Emotional stability and the COVID-19 pandemic: is it possible to reconcile them?

covid19 mental

(United Nations COVID-19 Response, Unsplash)

This article was exclusively written for The European Sting by Ms. Marcelle Fumie Tamura, a 26 year old fourth year medical student & Ms. Bárbara Okabaiasse Luizeti, a 20 year old medical student at Unicesumar, Maringá, Brazil. They are affiliated to the International Federation of Medical Students Associations (IFMSA), cordial partner of The Sting. The opinions expressed in this piece belong strictly to the writers and do not necessarily reflect IFMSA’s view on the topic, nor The European Sting’s one.


The current pandemic situation generated by COVID-19 has a direct impact on society as a whole, negatively affecting health, education and the economy. In addition to the sudden changes in daily dynamics, the fear and insecurity generated by the disease itself and by all the plans that the context compromises can cause a feeling of incapacity, loss of control over one’s own life and cause an intense emotional breakdown.

The way of facing circumstances is individual and relative, despite the collective connotation. The way in which each deals with this troubled scenario can be affected by intrinsic factors (such as personality and genetic predisposition to mental disorders), or extrinsic factors (such as life experiences, family support, socioeconomic status, cultural factors).

According to the World Health Organization (WHO), mental health integrates physical, mental and social well-being, so the absence of a materialized physical illness does not necessarily represent an unmistakable presence of complete health in individuals. Therefore, there are some measures that can be adopted to help maintain this biopsychosocial balance or prevent the aggravation of an existing psychiatric disorder, as explained below.

At first, the benefits of physical exercise that go beyond physiological aspects. In this regard, the direct influence on brain biochemistry, modulating neurotransmitters and hormones, acting positively in the control of anxiety and depression represent advantages arising from the referred practice. Still, following a balanced diet is also important; avoid sugary and industrialized foods and try to channel the “desire to eat” into another activity that promotes well-being, such as watching a movie, reading a book or talking with friends and family (even if virtually).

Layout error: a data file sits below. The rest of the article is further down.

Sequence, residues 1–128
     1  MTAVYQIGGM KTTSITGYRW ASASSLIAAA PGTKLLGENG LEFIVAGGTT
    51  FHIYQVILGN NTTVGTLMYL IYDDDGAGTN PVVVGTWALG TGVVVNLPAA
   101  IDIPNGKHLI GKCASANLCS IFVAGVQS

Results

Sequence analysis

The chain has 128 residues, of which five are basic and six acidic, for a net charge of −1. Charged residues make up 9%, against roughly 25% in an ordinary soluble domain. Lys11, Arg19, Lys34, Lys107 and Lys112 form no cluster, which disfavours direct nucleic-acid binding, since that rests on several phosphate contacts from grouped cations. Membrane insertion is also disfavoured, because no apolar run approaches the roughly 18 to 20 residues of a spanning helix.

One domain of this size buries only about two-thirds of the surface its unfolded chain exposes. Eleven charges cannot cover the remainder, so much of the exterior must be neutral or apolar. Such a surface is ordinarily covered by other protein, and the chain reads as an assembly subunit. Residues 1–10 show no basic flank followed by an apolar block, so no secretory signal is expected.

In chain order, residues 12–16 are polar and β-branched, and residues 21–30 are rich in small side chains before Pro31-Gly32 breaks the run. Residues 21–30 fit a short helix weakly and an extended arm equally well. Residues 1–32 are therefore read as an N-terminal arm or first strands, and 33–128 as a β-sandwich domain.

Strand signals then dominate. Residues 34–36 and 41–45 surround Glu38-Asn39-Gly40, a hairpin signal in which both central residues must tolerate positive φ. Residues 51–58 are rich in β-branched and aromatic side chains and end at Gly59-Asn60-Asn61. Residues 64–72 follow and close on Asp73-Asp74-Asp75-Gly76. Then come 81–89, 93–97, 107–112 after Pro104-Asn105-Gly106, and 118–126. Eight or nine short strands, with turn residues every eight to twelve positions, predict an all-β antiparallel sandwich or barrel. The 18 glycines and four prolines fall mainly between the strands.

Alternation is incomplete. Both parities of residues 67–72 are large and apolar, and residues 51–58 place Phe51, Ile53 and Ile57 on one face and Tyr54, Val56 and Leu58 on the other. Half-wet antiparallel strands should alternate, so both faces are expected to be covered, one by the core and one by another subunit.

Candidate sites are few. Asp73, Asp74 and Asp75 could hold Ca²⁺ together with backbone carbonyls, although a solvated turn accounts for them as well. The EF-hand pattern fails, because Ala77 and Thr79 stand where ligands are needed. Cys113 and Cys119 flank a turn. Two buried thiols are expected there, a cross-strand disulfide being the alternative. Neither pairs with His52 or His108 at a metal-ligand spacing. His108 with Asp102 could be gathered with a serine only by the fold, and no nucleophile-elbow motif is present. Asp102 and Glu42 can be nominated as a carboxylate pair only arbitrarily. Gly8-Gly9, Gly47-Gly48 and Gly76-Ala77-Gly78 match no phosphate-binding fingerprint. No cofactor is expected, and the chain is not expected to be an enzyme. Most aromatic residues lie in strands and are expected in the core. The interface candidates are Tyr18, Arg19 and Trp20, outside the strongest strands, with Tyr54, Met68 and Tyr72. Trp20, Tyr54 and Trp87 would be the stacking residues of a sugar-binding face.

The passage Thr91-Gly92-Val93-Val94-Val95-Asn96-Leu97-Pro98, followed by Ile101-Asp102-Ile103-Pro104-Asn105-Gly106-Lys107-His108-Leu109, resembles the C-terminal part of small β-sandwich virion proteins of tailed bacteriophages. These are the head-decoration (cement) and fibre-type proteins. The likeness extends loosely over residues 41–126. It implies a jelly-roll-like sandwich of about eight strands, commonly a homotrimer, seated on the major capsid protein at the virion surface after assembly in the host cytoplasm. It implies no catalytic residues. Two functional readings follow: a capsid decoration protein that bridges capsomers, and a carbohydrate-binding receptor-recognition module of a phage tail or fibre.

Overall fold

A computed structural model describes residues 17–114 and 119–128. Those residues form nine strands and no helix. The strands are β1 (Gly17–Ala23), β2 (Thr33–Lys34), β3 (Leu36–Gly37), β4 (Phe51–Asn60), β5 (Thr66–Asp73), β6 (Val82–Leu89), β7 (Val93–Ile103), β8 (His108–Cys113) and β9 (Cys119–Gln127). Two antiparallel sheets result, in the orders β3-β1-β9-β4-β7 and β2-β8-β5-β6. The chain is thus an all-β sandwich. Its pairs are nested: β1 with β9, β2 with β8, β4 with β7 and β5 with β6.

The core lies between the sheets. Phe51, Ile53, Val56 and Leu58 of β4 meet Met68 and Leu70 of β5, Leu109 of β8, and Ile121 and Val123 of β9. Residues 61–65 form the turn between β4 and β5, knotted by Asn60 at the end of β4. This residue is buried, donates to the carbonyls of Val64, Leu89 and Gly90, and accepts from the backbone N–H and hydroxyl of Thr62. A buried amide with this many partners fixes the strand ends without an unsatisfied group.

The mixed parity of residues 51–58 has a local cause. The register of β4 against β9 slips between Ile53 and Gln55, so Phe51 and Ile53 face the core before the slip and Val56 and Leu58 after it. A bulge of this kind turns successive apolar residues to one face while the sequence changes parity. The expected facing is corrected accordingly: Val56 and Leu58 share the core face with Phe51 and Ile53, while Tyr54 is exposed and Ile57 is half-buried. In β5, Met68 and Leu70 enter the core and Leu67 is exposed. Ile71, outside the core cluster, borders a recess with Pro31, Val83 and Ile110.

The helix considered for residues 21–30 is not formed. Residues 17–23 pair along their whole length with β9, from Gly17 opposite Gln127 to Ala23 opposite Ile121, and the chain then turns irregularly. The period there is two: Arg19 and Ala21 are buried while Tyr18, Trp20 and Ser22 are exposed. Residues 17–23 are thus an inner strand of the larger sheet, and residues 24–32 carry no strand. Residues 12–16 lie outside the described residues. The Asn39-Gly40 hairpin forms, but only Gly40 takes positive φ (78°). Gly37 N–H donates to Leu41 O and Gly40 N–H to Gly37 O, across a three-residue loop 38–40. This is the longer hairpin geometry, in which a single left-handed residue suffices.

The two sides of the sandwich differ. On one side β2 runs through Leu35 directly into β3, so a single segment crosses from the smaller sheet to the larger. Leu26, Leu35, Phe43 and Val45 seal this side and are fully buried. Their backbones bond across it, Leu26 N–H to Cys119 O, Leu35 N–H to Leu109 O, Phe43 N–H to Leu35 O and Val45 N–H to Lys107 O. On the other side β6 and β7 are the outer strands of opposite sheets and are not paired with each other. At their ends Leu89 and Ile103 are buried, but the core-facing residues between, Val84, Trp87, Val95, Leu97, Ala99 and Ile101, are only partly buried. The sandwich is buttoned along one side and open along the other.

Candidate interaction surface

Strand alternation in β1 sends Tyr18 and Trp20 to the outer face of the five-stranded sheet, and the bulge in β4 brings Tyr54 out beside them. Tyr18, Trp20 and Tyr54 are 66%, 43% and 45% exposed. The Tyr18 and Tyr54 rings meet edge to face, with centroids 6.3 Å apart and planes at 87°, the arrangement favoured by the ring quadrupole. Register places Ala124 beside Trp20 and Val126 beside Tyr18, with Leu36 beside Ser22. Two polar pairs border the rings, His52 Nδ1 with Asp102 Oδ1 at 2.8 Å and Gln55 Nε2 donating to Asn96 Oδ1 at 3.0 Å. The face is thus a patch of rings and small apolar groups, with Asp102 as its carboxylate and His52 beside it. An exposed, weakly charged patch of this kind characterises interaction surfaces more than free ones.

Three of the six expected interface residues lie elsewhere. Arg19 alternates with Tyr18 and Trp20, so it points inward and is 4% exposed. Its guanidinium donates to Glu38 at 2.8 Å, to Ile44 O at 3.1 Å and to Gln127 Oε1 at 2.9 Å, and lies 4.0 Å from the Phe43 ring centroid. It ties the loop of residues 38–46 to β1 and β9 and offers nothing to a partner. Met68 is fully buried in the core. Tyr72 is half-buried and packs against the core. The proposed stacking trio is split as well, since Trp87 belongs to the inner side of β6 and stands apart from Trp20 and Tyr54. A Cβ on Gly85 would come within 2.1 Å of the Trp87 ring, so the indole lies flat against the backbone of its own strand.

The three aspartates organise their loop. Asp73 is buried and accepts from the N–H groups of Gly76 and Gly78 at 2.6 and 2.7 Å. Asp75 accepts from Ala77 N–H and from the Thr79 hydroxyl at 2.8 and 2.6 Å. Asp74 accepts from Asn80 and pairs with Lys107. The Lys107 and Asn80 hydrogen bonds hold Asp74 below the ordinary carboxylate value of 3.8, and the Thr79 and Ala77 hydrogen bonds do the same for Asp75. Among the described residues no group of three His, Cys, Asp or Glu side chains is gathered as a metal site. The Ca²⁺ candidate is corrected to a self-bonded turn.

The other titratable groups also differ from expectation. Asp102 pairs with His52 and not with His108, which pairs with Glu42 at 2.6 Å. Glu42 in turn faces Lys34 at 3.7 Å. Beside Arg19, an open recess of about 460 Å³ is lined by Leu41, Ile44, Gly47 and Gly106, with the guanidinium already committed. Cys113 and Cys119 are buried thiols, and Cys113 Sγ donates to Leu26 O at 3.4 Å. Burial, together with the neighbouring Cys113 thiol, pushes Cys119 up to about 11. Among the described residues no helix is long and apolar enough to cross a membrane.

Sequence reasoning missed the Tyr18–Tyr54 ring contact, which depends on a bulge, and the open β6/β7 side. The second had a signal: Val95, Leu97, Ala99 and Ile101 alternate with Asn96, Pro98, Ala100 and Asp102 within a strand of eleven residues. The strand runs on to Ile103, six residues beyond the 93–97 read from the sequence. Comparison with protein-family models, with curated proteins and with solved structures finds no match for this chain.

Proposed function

The integration of the daily actions described above, represents a valuable opportunity to recreate habits and affective bonds that are not possible due to the accelerated contemporary routine. In pointing to modernities, the online universe is immediately associated, at this point, it is worth mentioning the essentiality of filtering content on social networks, as the virtual world gains strength in this period. The ideal is to try to extract what is good in these media, to stop following content that lowers self-esteem or that provokes anxiety and profiles that publish news without scientific basis. Meditation is a practice that can help you focus on the present moment and reduce worry about the future, in addition to producing relaxation and stress reduction. There are several ways to practice it and there are great guided meditation apps for beginners.

Synthetically, there are several ways to get around the stress generated by the current pandemic, but each individual must create and adjust their income, in order to adapt to the changes imposed with the minimum of suffering. However, it is worth noting that not everyone will be able to adapt to the current situation without professional monitoring, and in such cases, the search for specialized care is essential.

About the authors

Marcelle Fumie Tamura is a 26 years old fourth year medical student at Unicesumar, Maringá, Brazil. She participates in the board of the Academic League of Sports Medicine, Exercise and Nutrology of Maringá (LAMEENM). She has a great appreciation for several areas of medicine, especially Psychiatry and Gynecology and Obstetrics. She seeks to disseminate information and content that contribute to improving people’s mental health and promoting the integration and equality of social minorities.

Bárbara Okabaiasse Luizeti is a 20 years old medical student at UniCesumar. She is  a member of CAMN (Academic Center Miguel Nicolelis), Scientific Director of LACGAM (Academic League of General Surgery and Anesthesiology of Maringá), Active member of The BRIGHTER Meta-Research Group and Regional Assistant of the Scientific Team of IFMSA Brazil. She has always been dedicated to helping vulnerable populations from extracurricular projects, and disseminating health information to lay people and academics.

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